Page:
Attorney general applauds high court decision on water rule

Press Release 2018/01/27 11:32   Bookmark and Share
North Dakota's attorney general is applauding a U.S. Supreme Court ruling that recognizes federal district courts as the forum to hear legal challenges to an Obama administration rule aimed at protecting small streams and wetlands from development and pollution.

Attorney General Wayne Stenehjem led a coalition of 12 states that obtained the first preliminary injunction against the "Waters of the U.S. Rule" in 2015 in North Dakota, arguing it would greatly and unlawfully expand the federal government's authority over states' land and water and the ability to control pollution.

The rule has never taken effect because of lawsuits and is now under review by President Donald Trump's administration.

Stenehjem says he'll ask the federal district court to resume North Dakota's case as soon as possible now that the jurisdiction issue has been resolved.


Indiana high court to take up police unreasonable force case

Press Release 2017/05/02 08:38   Bookmark and Share
The Indiana Supreme Court is to take up the case of a man who claims Evansville police were too forceful when they used a SWAT team and flash-bang grenades to serve a search warrant.

The Evansville Courier and Press reports the court is to consider 31-year-old Mario Deon Watkins' case, which rises from his felony drug conviction. He claims the Evansville Police Department used unreasonable force when a SWAT team and flash-bang grenades were used to serve a search warrant.

The Indiana Court of Appeals in January reversed Watkins' sentence, criticizing use of the grenades that went off in the same room as a 9-month-old baby. But Indiana Attorney General Curtis Hill is asking the state's Supreme Court to clarify whether the state constitution prohibits police from using a SWAT team or the grenades.

Bahrain court more than doubles opposition leader's sentence

Press Release 2016/06/01 23:58   Bookmark and Share
A Bahraini appeals court on Monday more than doubled the prison term for the country's top Shiite opposition figure in a ruling that his political bloc blasted as "unacceptable and provocative."

Sheikh Ali Salman now faces nine years behind bars, up from an earlier four, following his conviction last year on charges that included incitement and insulting the Interior Ministry.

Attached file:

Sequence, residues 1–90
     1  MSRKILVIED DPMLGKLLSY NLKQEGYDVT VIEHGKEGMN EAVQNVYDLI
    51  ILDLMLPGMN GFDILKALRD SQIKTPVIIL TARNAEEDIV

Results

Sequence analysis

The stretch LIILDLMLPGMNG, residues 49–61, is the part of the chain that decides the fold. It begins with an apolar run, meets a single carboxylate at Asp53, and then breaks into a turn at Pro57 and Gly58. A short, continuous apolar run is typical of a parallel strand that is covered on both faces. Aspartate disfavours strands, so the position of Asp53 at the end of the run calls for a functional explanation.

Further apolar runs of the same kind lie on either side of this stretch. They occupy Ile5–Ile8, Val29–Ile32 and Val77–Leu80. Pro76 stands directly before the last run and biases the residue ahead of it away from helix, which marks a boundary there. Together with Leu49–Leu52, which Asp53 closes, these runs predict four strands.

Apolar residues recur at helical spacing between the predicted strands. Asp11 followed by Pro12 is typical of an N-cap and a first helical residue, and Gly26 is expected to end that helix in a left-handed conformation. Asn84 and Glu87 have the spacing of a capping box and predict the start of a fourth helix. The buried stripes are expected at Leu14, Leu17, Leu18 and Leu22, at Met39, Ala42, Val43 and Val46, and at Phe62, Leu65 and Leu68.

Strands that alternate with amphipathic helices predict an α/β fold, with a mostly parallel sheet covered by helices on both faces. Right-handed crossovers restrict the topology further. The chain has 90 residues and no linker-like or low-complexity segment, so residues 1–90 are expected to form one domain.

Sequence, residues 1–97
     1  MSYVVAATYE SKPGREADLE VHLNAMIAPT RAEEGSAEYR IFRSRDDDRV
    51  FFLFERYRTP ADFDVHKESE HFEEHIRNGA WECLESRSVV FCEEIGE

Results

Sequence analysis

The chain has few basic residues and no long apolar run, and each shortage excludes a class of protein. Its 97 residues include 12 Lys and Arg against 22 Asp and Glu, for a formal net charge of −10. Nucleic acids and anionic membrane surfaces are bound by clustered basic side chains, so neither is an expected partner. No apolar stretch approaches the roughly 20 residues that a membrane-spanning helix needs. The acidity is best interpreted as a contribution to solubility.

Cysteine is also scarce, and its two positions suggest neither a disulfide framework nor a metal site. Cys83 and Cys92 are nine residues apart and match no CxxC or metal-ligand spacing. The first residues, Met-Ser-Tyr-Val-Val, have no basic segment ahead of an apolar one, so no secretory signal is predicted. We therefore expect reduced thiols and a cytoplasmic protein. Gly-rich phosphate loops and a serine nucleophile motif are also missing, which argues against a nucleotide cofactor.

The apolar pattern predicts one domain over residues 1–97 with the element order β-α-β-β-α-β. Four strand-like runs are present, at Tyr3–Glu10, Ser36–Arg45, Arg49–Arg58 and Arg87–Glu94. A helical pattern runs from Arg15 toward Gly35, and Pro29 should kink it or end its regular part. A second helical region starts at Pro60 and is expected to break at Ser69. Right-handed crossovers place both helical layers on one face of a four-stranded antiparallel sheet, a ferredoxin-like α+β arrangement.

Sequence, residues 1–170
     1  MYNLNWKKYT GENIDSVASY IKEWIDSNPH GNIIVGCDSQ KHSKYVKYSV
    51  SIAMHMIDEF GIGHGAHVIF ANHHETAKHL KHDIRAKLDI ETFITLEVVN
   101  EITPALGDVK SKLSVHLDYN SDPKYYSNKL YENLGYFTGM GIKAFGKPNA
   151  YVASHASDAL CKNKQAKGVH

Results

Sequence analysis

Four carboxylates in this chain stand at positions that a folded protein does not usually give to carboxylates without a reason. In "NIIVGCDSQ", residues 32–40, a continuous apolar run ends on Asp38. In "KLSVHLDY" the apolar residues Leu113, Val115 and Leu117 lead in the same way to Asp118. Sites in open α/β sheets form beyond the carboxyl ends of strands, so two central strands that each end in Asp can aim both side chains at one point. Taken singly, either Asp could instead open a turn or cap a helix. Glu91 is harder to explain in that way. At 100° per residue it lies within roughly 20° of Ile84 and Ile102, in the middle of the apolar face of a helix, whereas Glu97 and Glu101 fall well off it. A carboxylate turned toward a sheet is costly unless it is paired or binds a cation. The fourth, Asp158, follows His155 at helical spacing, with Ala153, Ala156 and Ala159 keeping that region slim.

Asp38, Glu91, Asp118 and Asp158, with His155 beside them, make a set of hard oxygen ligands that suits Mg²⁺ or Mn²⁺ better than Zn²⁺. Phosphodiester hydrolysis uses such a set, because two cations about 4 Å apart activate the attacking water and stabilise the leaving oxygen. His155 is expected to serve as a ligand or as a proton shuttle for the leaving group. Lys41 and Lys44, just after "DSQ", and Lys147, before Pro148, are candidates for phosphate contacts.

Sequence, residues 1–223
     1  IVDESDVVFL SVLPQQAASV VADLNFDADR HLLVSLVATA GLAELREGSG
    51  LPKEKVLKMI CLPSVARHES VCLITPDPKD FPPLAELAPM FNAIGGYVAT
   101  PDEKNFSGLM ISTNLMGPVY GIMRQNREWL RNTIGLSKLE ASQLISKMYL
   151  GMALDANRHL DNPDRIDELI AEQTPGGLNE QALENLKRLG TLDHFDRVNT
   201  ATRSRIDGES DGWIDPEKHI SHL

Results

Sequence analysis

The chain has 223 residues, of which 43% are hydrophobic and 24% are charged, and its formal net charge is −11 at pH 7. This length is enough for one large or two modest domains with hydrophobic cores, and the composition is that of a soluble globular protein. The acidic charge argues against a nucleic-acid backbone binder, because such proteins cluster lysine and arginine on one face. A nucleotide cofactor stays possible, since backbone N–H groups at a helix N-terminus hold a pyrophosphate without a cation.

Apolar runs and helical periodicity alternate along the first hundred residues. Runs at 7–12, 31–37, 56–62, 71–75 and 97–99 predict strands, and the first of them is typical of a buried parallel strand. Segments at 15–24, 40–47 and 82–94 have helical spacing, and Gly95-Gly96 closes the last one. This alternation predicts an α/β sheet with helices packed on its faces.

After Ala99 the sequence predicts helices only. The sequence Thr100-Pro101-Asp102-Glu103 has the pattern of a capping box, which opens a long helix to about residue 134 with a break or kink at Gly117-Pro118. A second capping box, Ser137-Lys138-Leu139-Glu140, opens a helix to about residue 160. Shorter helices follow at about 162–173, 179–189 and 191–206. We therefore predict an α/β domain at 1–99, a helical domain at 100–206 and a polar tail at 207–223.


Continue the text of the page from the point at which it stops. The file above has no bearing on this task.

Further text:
Salman is the secretary-general of Al-Wefaq, the country's largest Shiite political group. He was a key figure in Bahrain's 2011 Arab Spring-inspired uprising, which was dominated by the island nation's Shiite majority and sought greater political rights from the Sunni monarchy.

Authorities crushed the initial uprising in a matter of weeks with help from Saudi Arabia and the United Arab Emirates. Localized protests continue in Shiite communities, with young activists frequently clashing with police.

Occasional small bomb attacks have killed police officers in the country, which hosts the U.S. Navy's 5th Fleet.

The case against Salman relates to speeches he gave between 2012 and 2014, though Al-Wefaq has said his words were taken out of context. He was convicted and sentenced by a lower court in June.

Both sides appealed that verdict, with the court ruling Monday in favor of the prosecution while rejecting Salman's appeal, according to a statement carried by the official Bahrain News Agency.


Court: Some NC legislator emails must be released

Press Release 2014/11/21 16:29   Bookmark and Share
North Carolina legislators aren't required to give up emails with other lawmakers and staff to those suing over the state's election-overhaul law, but correspondence with third parties is largely fair game, a federal judge ruled Thursday.

U.S. Magistrate Judge Joi Peake ruled on the extent of legislative confidentiality in three lawsuits filed against the state and officials including Gov. Pat McCrory and challenging provisions of the 2013 law. Attorneys are collecting evidence for trial on the lawsuits next summer.